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Pacific to establish cybercrime collaborative platform as threat escalates

22 February 2016

Law enforcement, legal officers and government officials, from across the Commonwealth Pacific region, will meet in Nuku’alofa, Tonga for a three day (24-26 February) regional meeting to tackle deepening concerns around cybercrime.

The Commonwealth-led initiative will address growing worries that cybercrime poses a major obstacle to socio-economic development, peace, and stability. Cross-country collaboration by the member states, which includes assistance from international agencies, is hoped to enhance individual country responses to the disturbing growth of advanced cybercrime in resource-constrained environments.

Commonwealth Deputy Secretary-General Josephine Ojiambo said: “Cybercriminals do not respect national boundaries. Consequently, the Commonwealth is working at a regional level to stem the scourge of a debilitating threat to national security.

“High-tech crime is particularly challenging at a time when countries seek to allocate precious resources so as to achieve the most effective development goals. The Commonwealth’s anti-cybercrime effort is crucial to underpinning both the rule of law and to provide the space for civil societies to prosper.”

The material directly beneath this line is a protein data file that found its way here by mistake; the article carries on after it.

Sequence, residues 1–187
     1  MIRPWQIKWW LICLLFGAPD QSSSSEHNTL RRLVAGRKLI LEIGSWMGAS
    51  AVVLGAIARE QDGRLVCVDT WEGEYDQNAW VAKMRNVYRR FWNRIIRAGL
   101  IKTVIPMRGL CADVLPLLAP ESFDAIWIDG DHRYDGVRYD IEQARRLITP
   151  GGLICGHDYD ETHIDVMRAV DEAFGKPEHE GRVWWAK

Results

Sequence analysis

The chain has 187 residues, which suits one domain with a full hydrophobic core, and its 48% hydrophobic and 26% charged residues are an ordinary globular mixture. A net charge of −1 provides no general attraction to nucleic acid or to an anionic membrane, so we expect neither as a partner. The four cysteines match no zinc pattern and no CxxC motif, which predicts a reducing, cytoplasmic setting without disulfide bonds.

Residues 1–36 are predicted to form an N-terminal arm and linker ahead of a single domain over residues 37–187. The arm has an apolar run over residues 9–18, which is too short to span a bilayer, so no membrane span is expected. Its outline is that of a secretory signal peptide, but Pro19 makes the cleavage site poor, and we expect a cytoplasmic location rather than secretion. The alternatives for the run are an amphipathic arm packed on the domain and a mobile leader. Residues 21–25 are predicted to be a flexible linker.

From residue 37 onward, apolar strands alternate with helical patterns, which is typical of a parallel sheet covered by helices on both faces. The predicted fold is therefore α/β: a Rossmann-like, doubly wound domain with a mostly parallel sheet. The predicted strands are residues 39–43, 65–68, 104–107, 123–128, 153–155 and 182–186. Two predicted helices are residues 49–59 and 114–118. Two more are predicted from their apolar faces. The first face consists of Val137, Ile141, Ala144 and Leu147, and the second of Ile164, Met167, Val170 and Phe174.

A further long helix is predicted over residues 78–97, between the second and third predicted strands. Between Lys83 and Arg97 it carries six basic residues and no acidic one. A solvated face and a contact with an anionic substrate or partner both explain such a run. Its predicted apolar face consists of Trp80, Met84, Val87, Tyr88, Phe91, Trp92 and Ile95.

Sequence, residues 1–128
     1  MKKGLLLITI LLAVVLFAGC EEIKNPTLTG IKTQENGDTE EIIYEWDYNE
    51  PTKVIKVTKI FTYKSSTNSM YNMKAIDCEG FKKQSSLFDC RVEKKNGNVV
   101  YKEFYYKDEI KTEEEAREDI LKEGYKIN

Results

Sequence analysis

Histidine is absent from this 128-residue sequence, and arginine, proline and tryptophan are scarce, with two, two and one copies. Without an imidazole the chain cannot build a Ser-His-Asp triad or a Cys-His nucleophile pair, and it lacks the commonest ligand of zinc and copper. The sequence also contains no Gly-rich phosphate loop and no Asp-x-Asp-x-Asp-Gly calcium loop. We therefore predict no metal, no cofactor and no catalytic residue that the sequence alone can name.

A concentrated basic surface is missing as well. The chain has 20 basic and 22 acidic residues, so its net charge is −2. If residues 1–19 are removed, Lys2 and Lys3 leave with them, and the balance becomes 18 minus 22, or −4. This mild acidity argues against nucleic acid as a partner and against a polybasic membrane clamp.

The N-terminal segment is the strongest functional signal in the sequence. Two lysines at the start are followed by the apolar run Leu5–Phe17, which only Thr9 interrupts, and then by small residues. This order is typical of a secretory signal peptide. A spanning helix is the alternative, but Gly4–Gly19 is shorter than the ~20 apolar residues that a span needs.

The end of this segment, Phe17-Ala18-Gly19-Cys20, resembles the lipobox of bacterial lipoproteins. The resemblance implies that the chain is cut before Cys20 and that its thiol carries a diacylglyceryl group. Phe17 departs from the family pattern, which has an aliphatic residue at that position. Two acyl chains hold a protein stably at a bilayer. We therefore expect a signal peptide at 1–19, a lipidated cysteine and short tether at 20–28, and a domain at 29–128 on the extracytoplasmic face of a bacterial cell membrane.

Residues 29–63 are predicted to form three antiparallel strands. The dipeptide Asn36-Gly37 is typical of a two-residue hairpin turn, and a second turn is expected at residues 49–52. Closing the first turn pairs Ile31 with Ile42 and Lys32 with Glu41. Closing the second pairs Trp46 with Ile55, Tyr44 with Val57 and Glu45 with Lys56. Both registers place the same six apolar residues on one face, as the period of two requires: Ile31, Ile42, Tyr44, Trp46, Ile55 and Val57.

Recent research points to the cost of cybercrime climbing to as much as $2.1 trillion by 2019[1]. Even with the best possible legal measures, the speed of offending is a major challenge for investigators, and the practical implications of this include the need for a high degree of skill, high quality equipment and extensive training.

The three-day conference, which is hosted in collaboration with the Government of Tonga, International Association of Prosecutors and the Pacific Islands Law Officers Network, will provide delegates with the opportunity to analyse regional trends and share expertise in cybercrime amongst law enforcement officials. Participants will be exposed to specialist and technical training aimed at improving their skills and competencies which is urgently needed to contribute much more effectively in their investigations and prosecutions of cybercrime related offences. The training will also seek to establish an informal network of Pacific Region Cybercrime Justice Practitioners on a secure virtual platform to foster collaboration within the region and beyond.

Shadrach Haruna, Legal Adviser in the Commonwealth Secretariat’s Rule of Law Division commented: “The complexity and speed of evolution of cybercrime makes it essential that expertise in policy, law, law enforcement, prosecution and prevention not only be developed but also monitored, maintained and updated frequently.”

[1] Cybercrime & the internet of threats, Juniper Research, 2015